31. Mary,

    Your review of the evertight stretcher bars and tutorial on using them has been very helpful. I ordered a pair of the bars and will look forward to using them. I love the smoothly rounded edges and center marking, and the hidden connection at the edges which will not snag my embroidery work. Thanks again.


  32. Have you ever tried the stretcher frames I have been seeing lately? I realize this article is several years old and these might be relatively new. They have something on the bars that hold the fabric without tacks. Have no idea how it’s done because I’ve only seen them online and they don’t show putting the fabric on them. Just wondered. 🙂

  33. Hi Mary
    I have dealt with ‘Traditional Stitches’ in Calgary, Alberta, Canada.
    They are one of the best to deal with on line. I highly recommend them.
    Sharon Gray
    Winnipeg, Manitoba, Canada.

  34. Have 12″ Evertites-so in order to be able to tack the fabric to the sides rather than the top, then my fabric should be at least 13″ square? Thanks!

    1. Hi, Beth – no, for evertites, you’re going to want two inches larger all around the size of the frame, so 14″, not 13″ for 12″ frames. Hope that helps!

  35. Am planning to use the Evertite frames for Celeste Chalasani’s Craftsy Stumpwork class. Since the project uses a backing fabric (two layers of fabric), are there any tricks to attaching both fabrics to the sides of the frames evenly? Thanks!

    1. Hi, Beth – just take them on together, at the same time, but make sure that they’re both lined up on the grain. You don’t want either fabric to be offset onto the bias at all, or you’ll end up with puckers or a warped finish.

  36. Oh my stars!!! Mary, you’ve answered about every question that could arise dealing with stretcher bars (not to mention everything else). I am so very grateful to you for your skills, knowledge and teaching abilities.
    YOU make my stitching life so much more in quality and in pleasing to the eye! Thank you. Jo in SC

  37. How many tacks per inch should be used with Evertite frame? It looks like one tack per inch, approximately. Does that sound about right?

    1. I place them so the heads are about 1/4″ apart – it might be overkill. Some folks recommend a tack per inch, and I think that works well on needlepoint canvas, but I prefer them a little closer when working with surface embroidery fabric.

  38. Absolutely look forward to your site. I learn something in every one. Took a class
    several years ago at an EGA Regional Seminar and the teacher recommended the Evertite frames. Had never heard of them, and she got them for me, and I became a big fan. So easy to get tightened and make stitching easier.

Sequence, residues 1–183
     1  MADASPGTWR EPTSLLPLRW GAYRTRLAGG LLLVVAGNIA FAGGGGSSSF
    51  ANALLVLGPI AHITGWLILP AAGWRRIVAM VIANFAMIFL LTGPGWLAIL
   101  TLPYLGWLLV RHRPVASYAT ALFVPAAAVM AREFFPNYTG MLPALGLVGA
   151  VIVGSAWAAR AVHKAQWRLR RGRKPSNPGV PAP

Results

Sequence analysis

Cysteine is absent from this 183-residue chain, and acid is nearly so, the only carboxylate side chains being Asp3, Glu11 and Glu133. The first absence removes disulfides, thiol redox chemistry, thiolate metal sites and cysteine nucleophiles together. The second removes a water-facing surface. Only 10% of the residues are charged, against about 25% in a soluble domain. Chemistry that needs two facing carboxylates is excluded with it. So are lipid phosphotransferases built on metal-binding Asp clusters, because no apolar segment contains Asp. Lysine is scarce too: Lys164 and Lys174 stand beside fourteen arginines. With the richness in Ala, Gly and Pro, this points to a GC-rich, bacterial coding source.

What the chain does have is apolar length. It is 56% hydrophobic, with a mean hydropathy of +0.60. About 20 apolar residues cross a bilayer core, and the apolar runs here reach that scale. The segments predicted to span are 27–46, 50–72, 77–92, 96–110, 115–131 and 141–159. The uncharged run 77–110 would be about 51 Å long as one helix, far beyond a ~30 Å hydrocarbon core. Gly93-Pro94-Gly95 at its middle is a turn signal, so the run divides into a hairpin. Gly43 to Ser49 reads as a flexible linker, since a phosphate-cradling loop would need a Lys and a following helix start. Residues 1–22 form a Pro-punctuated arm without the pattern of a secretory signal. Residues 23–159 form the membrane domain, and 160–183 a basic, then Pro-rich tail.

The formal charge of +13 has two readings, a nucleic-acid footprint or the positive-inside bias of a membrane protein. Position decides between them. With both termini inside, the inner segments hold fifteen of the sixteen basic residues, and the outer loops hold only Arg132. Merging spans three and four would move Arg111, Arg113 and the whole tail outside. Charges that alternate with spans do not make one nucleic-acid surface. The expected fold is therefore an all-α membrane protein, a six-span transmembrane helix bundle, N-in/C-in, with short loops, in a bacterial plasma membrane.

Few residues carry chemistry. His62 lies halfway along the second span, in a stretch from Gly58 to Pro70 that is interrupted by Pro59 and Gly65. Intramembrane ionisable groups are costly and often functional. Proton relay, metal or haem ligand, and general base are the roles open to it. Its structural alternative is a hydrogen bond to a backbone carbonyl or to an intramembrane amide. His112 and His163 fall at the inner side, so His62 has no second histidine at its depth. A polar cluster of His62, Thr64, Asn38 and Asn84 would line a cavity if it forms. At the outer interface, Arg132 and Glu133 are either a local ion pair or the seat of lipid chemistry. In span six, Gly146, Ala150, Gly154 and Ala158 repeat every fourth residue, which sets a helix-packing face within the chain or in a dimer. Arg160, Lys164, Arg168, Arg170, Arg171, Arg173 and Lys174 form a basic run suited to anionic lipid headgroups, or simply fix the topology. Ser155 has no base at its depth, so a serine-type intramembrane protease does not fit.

Of course every thing you write about is marvelous. God Bless you, and a very Happy New Year.

  39. I am receiving a gift from rsn royal school of needlework soon and would like to purchase an ever tite system to fit The project. Along with the tool I need to tighten I surely would appreciate ordering by phone If someone could give me it would make it so much easier for me to do an order Thank you shirley whitcher
    Design size 14 1/2 By 9 1/2

    1. Hi, Shirley – you’ll need to contact a retail shop that sells Evertite frames. You might try Needle in a Haystack, here: http://www.needlestack.com. They will have a phone number on their site where you can place an order and they’ll help you order the right size bars, the tool, etc. I’m not a retail shop. Hope that helps!

  40. This is great! Had I known you were here….. I have marked this as a favorite and plan to come back. I have cross-stitched and done crewel for years – even BEFORE the 80’s!! I have recently seen several canvas work projects that my stitching friends have done and, well, now I’m on to new and exciting experiences. I did try some needlework many years ago and did not do well. I should have sought a source for some help. Now I feel I can try again. This sight is wonderful and I plan to tell my friends about it. You have answered the very questions I had about stretcher bars and which I should try. Thanks for sharing!

  41. Are evertite good for gold work? I can’t work slate frames into my budget yet. For my first experimental goldwork project I am going to use a high count linen, muslin backing and my hip or lap hoops which are wrapped. When my skill level increases, I will try to invest in another kind of frame but until the I seek your advice.

  42. Hi

    How much for 6 x frames (embroidery 3.5 inch) plus 5x tools, (tacks, screw tool, push in tack tool), posted to New Zealand.

    Thanks Heather

    1. Hi, Heather – I am not a retail shop, I’m afraid. I’m more of an information blog. If you want to purchase any of the supplies I review of Needle ‘n Thread, you’ll usually find resource links at the end of the review. For Evertite frames, you can find them in the States at Needle in a Haystack

  43. I have a possibly stupid question: won’t the sides/tops of the frames start to have so many holes that the tacks won’t stick any more? Would you use wood filler to help with this?